I am also looking into installing flood coolant. The base of the machine was originally designed to be used as a sump. I had some worries as the copper air line leading to the air assisted ball screw. I pulled off the cover off the base and stuck my digital camera in there and took a couple blind photos. I found that they has driller right through the wall of the sump. Ouch. And not only only one hole but three! I raised and locked the knee and removed the knee ballscrew. I yanked the old copper line cleaned out the holes with some spray degreaser. I then used some rubber well nuts and installed them in place with a bunch of silicone and tightened them up. I let them sit a while and then put a nice layer of silicone over that. I dont think coolant will get through that!
Since I had the ballscrew cylinder apart I took it apart since I had been hearing air leaking. I found the piston had came loose from the rod/screw and air was escaping through it. I totally cleaned the ballscrew and found aluminum chips in the nut so I pulled that apart as well. The nut is pretty worn. Looks like it will need replacing eventually. I cleaned it out and reloaded the balls and reassembled everything. I added a thin ship between the inner races of the angular contact bearing of the nut/pulley to increase the preload and to compensate for wear. I replaced the air fitting on the bottom to the pushlock type poly line connector and drilled holes to bring the air line out the side of the base along the side to the regulator in back. It moves smoother without all the chips in in the screw nut!
Got a little more done on the mill this weekend. The replacement scale for the one I crushed came in on friday. I picked up a similar model and was able to use my old long scale with the new reader head. The only difference was the new head output in ttl quadrature instead of the sinusoidal quadrature that the old head output in . Plus the new head was a fixed 10X mulitplication out. This gives me 50800 divisions per inch over the old 25400. A little overkill...
Not wanting to cut up cables I made a jumper that connects between the header connectors in the Heidenhain interpolator boxes. Works good. Though when I went o home the X axis would randomly stop thinking it hit the home switch. Eventually I figured out there was some crosstalk from the encoder on the X axis that was tripping the X home input. I moved the input to the other parallel port and the problem disappeared.
I found out Mach cannot stop a spindle at a certain location. No big deal. So I just went with doing normal closed loop spindle control. Initially I tried using the keyence sensors to sense the edges of the fan blades but the pulse time was just too short. I then made a 4 sector encoder wheel in corel and glued it to the fan on the spindle motor. I still could not get a stable signal into mach. It would work fine up to about 1000 rpm and then loose the signal from the sensor. I initially though it was the Opto22 input module that I used to interface to the 5v logic could not handle the rise/fall times. I put a scope on the output of the Opto22 and found I was getting a good signal out. It turns out that again I was getting some crosstalk. This time from the step signal going to my VFD control. It was scrambling the signal going into the computer. I moved it to the other parallel port card and now I have a stable signal to the computer. I ran the spindle calibration routine sucessfully and enabled closed loop spindle control. Now if I put a load on the spindle it will compensate and maintain spindle speed. The next trick is to make a pickoff right off the quill. This way I dont have to do any calculations for ratios due to different selection in the varidrive.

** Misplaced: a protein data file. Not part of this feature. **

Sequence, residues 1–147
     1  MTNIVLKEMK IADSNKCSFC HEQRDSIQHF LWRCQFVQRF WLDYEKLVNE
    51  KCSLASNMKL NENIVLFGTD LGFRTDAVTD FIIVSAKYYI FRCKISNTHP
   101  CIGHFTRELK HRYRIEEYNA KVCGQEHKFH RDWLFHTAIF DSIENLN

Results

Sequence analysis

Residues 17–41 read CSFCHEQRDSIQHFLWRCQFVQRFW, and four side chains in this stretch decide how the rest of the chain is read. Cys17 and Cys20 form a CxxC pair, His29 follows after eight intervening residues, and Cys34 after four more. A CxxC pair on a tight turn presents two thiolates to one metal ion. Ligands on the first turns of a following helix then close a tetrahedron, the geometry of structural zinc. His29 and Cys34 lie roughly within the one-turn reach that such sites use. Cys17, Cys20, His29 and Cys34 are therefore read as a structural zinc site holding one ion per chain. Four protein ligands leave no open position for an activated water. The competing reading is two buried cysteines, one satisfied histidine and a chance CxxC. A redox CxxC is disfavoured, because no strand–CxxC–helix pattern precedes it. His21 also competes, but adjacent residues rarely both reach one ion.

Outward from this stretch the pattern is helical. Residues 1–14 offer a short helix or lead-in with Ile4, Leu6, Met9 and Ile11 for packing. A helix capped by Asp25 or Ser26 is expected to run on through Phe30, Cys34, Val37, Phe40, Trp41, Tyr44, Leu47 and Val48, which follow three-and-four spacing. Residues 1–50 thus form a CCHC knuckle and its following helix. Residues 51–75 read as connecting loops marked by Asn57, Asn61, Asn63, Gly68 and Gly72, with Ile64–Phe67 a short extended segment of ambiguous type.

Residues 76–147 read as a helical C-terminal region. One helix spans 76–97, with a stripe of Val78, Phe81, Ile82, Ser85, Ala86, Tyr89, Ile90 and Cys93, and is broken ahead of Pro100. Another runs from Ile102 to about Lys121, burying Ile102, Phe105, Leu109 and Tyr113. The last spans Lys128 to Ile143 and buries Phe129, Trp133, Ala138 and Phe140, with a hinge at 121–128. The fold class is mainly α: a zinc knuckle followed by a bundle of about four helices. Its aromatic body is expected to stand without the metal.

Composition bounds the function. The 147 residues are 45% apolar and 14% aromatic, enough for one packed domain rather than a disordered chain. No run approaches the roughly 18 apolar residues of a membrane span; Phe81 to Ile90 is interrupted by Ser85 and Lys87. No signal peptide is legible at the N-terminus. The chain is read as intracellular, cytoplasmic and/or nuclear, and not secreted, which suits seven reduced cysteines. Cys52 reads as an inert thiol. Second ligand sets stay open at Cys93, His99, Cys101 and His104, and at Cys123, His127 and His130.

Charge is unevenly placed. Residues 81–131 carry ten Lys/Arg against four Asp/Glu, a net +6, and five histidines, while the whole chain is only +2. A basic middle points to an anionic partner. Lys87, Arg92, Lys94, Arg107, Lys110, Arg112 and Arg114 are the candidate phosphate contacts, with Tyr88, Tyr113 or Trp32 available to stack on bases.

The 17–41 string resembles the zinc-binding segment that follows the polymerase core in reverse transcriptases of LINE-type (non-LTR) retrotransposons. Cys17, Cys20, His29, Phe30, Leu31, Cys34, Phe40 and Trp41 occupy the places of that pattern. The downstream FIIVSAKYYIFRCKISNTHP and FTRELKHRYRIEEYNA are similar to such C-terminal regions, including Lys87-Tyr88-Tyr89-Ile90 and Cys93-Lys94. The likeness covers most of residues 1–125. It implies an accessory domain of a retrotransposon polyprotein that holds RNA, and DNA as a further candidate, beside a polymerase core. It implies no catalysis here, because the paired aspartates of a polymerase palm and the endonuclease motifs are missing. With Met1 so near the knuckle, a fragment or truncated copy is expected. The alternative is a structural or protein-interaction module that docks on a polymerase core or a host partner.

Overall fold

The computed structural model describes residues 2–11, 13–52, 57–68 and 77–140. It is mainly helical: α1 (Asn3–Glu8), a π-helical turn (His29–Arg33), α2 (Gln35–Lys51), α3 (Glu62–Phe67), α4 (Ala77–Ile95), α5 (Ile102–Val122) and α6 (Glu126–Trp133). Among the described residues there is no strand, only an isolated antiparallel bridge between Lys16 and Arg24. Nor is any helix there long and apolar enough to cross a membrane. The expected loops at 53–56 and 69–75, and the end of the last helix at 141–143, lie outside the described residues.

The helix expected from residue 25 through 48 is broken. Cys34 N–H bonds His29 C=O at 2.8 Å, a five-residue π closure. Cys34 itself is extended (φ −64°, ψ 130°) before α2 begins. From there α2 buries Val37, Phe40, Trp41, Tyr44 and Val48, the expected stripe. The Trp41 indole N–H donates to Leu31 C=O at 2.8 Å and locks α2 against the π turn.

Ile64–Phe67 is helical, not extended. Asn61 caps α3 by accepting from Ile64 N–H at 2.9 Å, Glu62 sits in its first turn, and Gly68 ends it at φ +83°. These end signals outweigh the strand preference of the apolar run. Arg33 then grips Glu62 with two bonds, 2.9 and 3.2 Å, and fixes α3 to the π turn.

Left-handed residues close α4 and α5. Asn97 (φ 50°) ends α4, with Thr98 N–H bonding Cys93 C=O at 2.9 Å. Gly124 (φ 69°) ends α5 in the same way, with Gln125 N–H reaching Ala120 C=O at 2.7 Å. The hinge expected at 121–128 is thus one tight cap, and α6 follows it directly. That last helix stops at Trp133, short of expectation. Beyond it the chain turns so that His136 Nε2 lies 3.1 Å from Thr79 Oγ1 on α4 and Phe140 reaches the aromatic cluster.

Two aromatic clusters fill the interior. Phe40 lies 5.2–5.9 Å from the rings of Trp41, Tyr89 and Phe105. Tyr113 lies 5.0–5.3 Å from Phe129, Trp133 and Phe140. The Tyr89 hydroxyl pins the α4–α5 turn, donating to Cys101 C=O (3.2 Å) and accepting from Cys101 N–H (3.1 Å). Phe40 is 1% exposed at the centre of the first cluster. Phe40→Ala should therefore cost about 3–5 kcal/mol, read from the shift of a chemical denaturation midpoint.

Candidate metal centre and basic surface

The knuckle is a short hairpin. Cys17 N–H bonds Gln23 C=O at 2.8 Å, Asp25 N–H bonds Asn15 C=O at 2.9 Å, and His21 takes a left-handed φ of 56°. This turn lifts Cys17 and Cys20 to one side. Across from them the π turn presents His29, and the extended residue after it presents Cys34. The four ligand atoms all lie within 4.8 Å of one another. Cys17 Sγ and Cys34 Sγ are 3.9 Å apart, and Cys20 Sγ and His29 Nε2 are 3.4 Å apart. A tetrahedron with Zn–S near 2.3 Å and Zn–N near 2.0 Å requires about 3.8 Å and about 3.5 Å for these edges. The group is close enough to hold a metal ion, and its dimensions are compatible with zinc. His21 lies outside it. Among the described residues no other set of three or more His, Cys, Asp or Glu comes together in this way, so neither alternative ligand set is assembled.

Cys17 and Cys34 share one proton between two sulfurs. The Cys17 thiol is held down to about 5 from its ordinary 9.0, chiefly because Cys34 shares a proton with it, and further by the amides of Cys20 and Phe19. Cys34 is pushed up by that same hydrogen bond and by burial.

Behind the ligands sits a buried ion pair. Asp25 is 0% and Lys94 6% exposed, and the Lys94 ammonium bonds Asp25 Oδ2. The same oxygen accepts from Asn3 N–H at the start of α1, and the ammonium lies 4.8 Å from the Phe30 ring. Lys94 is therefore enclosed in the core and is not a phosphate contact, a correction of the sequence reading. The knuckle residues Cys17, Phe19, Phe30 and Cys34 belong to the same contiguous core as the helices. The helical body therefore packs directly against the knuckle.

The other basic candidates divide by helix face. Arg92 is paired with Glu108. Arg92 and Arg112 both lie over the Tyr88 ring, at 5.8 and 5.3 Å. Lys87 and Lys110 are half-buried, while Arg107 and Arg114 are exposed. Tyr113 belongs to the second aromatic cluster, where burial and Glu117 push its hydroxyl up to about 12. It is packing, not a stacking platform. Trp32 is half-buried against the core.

My current plan to do this is to cut out a disc out of 1/4" aluminum and drill a hole radially through the edge and insert one of the fiber sensors. I will then make up a linear encoder strip which I will wrap around the quill for a 2 or 4 segment encoder. The disc with the sensor will mount to the quill cap. If this works I will make a more permanent encoder strip or may just paint it right on the quill.
Next project is to make up a drip/chip tray for the base for when I start to use flood coolant. I have a electrical panel cover from an old promass board loader that is almost perfect for that. I marked it out last night and will take the plasma cutter to it tonight and make it fit. I have a couple holes to plug up when some of the controls were also.
Last edited by macona; 01-04-2007 at 01:32 AM.
I got the chip tay made u as well. Used the plasma cutter to cut out the pieces I didnt want then mig welded them together. First time I got to use my new to me Powcon 300SM. Nice job. all I had was CO2 and no splatter even with that. Now just need to drill a few mounting holes to bolt it down and and paint it up.
Also a pic of the new computer.
How did you connect those 3 100 pixies and bidirectional buffered breakout boards?Are they connected together?
I have a plan to make the same CNC control maschine.
Is this mashine build,that can not losing stepps?
I would like to contact with you by email.You can send me answers to firstname.lastname@example.org
You just hook the step/direction lines to the pixies as you would hook up a stepper driver. You can download the manuals for the pixies from http://www.skyko.com
Is is somewhat of a closed loop system. More so then with steppers. You really wont stall out the motors without tripping either the motor controllers overload protection or the pixies senses too much of a lag in motor position to where it should be. At cutting speeds the lag will not be noticeable but you need to adjust it for rapids. If the pixies sense too much of an offset then they will error out and shut down the drive. You can tie this into the estop circuit so that when it errors it shuts down the machine.
So far my machine has been working pretty good.
Can I ask what make you pick PIXIES 100 over GECKO 320? The reason I ask because, I am about to purchace a used cnc system power by glentek,the same that in your supermax.
Also what the reason you upgrade to the pixie, and why not used the old controller, ie glentek system? how about upload some video?